RV-12 Service Ceiling                              

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Flying 3 miles high over Mt. Rainier in a Light Sport


A LSA (Light Sport Aircraft) like my Vans RV-12 has a number of regulatory limitations, in the USA, regarding speeds, weights, and features.  One limitation is a pilot operational ceiling of 10,000 ft MSL  (Mean Sea Level) for pilots who may have a higher certificate rating (like myself), but are exercising the privileges of a Light Sport Pilot Certificate.  Importantly, this Limitation is modified by the phrase  "or 2000 ft AGL, (Above Ground Level) whichever is greater"  Obviously, there are mountains taller than 10,000 ft - in fact, some places, like Leadville, Colorado, have airports that are about 10,000 ft. It would clearly be hard to fly at all with that limitation. 

During my flight testing, I climbed to 10,000 ft. as part of my Phase I flight testing.  I noted at the time that the Rate of Climb was still a generous 500 fpm, and so assumed the little airplane had a lot more "climb" capability left in her.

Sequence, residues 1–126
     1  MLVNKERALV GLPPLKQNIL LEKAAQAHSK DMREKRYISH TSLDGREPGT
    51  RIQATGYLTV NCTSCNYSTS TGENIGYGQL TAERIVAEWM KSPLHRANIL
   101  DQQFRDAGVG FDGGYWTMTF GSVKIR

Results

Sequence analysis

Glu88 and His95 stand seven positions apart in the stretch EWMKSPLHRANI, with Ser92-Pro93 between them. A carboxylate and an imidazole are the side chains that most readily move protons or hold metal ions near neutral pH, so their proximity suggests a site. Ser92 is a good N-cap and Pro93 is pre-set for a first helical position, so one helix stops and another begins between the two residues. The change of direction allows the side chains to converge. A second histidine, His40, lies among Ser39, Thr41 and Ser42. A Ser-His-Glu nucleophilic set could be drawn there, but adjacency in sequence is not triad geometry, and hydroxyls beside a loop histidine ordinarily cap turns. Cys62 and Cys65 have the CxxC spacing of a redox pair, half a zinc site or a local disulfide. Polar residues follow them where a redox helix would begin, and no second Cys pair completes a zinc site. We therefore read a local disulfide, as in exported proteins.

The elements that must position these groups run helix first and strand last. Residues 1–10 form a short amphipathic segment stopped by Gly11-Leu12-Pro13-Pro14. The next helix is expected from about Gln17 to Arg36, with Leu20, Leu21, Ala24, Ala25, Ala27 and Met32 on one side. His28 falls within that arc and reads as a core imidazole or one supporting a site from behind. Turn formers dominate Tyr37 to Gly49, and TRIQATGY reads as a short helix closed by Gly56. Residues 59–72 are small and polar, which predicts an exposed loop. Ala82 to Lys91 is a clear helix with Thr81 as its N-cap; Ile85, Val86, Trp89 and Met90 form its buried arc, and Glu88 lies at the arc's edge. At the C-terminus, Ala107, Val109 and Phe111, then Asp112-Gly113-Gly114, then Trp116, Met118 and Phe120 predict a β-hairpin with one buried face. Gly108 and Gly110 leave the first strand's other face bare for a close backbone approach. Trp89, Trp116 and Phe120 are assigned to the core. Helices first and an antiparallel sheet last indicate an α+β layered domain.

Early test flight to 10,000 ft.

Nevertheless, to determine the real capability of the airplane would require flight testing to determine the true operational ceiling.  In aviation parlance, that is known as the Service Ceiling.  The Service Ceiling has a specific  definition:

Service Ceiling is defined as the maximum altitude using max continuous or climb power when the ROC (Rate of Climb) falls to 100 fpm while flying at Vy (Best Rate of Climb Speed )  (75 kts for the RV-12) at ISA Standard Day (Intl Standard Atmosphere) which defines a "normal" temperature for different altitudes.

Vans, the designer,  lists the Ceiling as "Estimated 12,000 ft" in Section 3 of their Handbook.